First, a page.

(Edit: with the current run, I think this has already happened, to a certain extent; though not the vast gangbang rape that The Simpsons has undergone.)

And I always thought, once an artist has become well known by the masses, then s/he loses that edge, a uniqueness that is what appealed to his/her core fan base in the first place. That's not necessarily true all of the time, but much of the time.
Otis P Jivefunk

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« Reply #2 on: 09-06-2012 19:59 »

Since futurama is somewhat a hipster/underdog show

Hipster show now? no no...

I wouldn't want cheap tacky merchandise pouring out of every orifice, nor would I want a surge in popularity to cause the writers to change what they're doing in order to please the masses. Neither of those should have to be the case if it were to get more popular though...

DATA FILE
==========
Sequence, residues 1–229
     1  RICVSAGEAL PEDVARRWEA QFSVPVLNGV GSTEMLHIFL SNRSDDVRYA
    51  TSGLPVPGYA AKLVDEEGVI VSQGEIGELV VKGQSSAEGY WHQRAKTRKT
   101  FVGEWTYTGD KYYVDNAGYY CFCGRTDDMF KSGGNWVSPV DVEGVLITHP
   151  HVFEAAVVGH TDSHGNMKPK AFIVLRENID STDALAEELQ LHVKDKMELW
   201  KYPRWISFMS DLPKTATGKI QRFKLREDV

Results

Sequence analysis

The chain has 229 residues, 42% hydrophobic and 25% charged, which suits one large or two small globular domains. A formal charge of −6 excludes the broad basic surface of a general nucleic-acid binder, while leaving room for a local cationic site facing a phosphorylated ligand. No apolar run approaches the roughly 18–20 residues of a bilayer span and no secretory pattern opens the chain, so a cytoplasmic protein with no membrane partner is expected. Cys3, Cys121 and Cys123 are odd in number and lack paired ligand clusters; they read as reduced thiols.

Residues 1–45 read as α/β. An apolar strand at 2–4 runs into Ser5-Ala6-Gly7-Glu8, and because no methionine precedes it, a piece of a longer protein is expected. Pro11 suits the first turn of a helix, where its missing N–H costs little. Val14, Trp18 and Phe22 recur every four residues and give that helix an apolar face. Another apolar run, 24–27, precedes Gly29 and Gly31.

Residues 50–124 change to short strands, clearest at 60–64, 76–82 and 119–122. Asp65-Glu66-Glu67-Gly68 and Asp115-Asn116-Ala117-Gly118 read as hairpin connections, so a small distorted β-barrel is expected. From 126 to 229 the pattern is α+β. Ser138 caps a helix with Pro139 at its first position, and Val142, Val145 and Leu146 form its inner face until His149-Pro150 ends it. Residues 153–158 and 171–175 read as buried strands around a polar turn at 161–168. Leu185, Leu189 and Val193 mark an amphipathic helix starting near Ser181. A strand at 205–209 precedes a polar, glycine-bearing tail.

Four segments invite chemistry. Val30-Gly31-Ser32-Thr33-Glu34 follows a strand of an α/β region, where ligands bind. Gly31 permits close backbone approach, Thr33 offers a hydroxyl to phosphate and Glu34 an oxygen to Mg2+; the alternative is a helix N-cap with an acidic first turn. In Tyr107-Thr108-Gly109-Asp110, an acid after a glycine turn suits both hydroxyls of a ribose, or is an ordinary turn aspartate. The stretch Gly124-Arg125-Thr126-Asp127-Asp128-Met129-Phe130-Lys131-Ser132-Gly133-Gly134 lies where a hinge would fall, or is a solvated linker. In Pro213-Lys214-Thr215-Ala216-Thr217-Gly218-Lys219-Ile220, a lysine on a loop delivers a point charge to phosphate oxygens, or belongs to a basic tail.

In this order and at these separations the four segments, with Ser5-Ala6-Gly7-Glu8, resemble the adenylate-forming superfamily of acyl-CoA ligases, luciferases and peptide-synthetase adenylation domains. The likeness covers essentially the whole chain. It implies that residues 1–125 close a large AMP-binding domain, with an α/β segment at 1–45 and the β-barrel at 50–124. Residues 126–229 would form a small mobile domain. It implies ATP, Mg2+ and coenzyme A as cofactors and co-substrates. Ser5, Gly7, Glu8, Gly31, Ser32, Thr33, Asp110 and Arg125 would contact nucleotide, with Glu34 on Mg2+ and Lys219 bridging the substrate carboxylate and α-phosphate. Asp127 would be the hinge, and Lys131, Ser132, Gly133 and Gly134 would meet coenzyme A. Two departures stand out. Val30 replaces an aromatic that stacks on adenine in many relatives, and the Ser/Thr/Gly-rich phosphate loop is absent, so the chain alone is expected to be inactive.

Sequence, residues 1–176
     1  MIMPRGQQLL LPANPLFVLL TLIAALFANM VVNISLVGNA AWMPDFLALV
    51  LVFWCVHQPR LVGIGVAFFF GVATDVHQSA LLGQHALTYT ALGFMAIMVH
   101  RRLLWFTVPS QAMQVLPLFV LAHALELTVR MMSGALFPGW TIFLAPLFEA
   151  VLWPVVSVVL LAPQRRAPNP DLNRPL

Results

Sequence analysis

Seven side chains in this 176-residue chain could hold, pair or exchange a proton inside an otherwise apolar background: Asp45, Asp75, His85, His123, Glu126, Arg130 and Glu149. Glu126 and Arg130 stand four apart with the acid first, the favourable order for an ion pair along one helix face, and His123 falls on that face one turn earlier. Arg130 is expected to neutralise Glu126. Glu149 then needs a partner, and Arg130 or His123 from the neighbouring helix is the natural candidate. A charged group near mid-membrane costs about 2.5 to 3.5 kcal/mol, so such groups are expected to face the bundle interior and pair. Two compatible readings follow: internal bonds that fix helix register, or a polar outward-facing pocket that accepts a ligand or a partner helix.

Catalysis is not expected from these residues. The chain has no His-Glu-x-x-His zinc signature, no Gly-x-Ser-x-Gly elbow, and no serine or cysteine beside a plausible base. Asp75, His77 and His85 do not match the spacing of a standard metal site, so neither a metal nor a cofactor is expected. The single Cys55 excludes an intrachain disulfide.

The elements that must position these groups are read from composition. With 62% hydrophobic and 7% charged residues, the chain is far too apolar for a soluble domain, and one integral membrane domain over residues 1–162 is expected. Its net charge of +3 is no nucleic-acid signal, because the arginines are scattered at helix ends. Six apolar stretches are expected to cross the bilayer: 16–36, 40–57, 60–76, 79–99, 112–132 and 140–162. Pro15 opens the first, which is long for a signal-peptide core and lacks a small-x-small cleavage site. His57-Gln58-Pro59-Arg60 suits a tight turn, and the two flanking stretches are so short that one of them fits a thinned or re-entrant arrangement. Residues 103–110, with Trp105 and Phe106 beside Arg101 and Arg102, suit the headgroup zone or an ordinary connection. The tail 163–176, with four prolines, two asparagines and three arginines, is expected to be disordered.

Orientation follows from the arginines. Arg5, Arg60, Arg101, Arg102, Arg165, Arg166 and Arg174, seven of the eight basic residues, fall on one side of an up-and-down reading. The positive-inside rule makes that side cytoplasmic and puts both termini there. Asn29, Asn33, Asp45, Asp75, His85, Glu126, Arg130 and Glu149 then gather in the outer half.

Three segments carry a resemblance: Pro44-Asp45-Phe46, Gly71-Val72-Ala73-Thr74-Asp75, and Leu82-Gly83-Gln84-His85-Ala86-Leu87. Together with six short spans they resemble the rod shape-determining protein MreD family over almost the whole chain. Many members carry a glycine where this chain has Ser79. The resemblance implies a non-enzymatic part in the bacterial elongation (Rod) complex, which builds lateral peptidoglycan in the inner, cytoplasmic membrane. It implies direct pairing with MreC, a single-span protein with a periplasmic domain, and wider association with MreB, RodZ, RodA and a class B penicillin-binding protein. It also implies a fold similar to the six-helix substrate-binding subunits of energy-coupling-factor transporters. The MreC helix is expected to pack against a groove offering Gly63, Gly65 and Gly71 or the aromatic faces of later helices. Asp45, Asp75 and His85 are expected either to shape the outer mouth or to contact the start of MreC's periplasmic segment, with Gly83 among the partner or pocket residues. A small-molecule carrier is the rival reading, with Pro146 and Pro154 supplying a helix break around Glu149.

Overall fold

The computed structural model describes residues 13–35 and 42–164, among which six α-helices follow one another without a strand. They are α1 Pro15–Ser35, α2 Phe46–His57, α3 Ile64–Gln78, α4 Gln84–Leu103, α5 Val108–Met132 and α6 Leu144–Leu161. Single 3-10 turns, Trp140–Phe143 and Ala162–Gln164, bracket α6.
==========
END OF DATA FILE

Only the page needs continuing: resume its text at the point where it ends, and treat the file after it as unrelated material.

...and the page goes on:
If the increased popularity caused more revenue to invest in a larger team of writers then that could in theory be a good thing. It is already a popular show though, but if it got more mainstream then I wouldn't mind at all just as long as the show itself didn't suffer for it. As it is the show is already suffering, but not for that reason...

totalnerd undercanada

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« Reply #3 on: 09-06-2012 20:30 »

Popularity itself won't ruin anything. It's pandering to the whims of the masses that'll ruin it. Which will happen if it attains mass popularity, because all of a sudden people will be worried about keeping that popularity. Which will ruin it, but suffice to ensure that it remains popular with the masses whilst alienating the initial audience who allowed it to reach out to the new fanbase in the first place.